Why such impatience?

With the approach of the fateful date inaugurating the controversial Act Respecting End-of-life Care, on December 10, we have learned that Ontario and British Columbia are open to a federal government extension request to formulate its law following the Supreme Court judgement on the decriminalization of assisted suicide in Canada.

Given the attitude of these two provinces, patient and respectful of the Canadian Criminal Code, we are entitled to ask ourselves the question: why is Quebec so eager to implement a law that would legalize euthanasia in its territory even before the federal government reaches its conclusions on this issue?

The feeble argument used by the Quebec government to pass the law before the Carter decision comes into effect - "it is not euthanasia because of the medical setting" – holds up as badly as a crowded minibus on the road to Ouagadougou.

Unfortunately, this defiant attitude of our politicians will soon put Quebec doctors and healthcare institutions in situations where they will commit or sanction acts that are legally liable to prosecution.

Indeed, despite its camouflage of "medical aid in dying," euthanasia remains legally and constitutionally prohibited under Canadian criminal law, and this situation will still prevail on December 10th. Moreover, the Canadian Medical Protective Association (CMPA) wrote on its website that until the Carter decision comes into effect, "the CMPA’s advice to Québec members is the same as to members in the rest of the country — the law currently continues to prohibit anyone from counselling, aiding, or abetting a person to commit suicide”.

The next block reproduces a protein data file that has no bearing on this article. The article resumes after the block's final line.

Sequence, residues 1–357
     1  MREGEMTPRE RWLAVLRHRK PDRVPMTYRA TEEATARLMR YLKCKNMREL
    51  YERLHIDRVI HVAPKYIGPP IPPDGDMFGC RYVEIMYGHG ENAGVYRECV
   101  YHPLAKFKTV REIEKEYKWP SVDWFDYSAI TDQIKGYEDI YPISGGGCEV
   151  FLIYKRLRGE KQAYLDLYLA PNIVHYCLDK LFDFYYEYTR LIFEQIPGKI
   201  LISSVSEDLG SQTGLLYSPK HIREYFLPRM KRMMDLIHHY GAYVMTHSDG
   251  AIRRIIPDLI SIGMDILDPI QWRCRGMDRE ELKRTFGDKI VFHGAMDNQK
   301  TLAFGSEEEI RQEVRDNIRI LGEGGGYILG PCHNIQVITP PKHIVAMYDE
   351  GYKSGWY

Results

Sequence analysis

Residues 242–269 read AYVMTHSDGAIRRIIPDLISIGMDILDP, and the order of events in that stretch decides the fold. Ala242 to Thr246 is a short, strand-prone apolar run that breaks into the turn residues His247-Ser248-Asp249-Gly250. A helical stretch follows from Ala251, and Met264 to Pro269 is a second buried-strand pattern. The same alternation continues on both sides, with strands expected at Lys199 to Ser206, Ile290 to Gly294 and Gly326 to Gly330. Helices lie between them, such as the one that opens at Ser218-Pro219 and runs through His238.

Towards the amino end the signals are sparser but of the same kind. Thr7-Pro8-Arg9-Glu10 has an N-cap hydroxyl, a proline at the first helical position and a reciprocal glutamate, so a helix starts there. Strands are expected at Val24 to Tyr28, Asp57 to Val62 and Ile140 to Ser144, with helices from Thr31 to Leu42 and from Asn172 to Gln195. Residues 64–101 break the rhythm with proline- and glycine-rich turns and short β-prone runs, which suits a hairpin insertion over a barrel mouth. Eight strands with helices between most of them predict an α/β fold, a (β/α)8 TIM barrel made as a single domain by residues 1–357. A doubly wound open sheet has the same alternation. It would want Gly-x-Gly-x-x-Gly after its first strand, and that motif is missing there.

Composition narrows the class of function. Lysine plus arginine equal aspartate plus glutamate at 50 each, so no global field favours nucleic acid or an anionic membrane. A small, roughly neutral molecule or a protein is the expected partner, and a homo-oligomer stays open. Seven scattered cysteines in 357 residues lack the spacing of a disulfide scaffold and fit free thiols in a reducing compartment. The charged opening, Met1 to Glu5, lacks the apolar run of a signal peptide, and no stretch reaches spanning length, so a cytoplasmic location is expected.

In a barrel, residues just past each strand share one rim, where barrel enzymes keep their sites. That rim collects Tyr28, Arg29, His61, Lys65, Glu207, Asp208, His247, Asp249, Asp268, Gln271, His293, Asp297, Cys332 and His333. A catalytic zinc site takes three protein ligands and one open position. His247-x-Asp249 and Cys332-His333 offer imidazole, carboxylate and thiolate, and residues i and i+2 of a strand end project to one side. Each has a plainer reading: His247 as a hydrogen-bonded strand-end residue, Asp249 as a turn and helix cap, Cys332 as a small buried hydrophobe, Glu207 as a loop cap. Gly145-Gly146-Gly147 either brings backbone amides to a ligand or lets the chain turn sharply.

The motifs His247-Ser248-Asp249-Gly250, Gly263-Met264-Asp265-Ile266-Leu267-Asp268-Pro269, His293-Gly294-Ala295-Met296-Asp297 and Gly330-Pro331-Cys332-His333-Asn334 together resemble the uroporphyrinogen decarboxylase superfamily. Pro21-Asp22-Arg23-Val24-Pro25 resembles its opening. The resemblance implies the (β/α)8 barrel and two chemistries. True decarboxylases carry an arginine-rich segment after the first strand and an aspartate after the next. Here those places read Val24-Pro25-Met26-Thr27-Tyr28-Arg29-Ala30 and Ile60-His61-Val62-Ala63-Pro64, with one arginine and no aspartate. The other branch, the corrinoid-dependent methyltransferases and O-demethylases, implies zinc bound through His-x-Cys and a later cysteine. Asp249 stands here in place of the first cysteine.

The minimum of respect would require that Quebec await the legal conclusion of the Carter decision. And if it refuses to postpone its target date, the Quebec government will place itself in a position completely at odds with the desire for a new federal-provincial collaboration democratically expressed in the last election.

Moreover, if it manages to pass a law whose foundation betrays the Canadian Constitution under the disguise of nice sounding words, Quebec would confirm the victory of euphemisms in our society.

Ironically, it would thus impose its ideology while exposing itself to the risks of a constitutional war with the federal government, which it could avoid by taking into account the scientific medicine principle that it is prepared to overturn with its "medical aid in dying ": the benefit must outweigh the risk.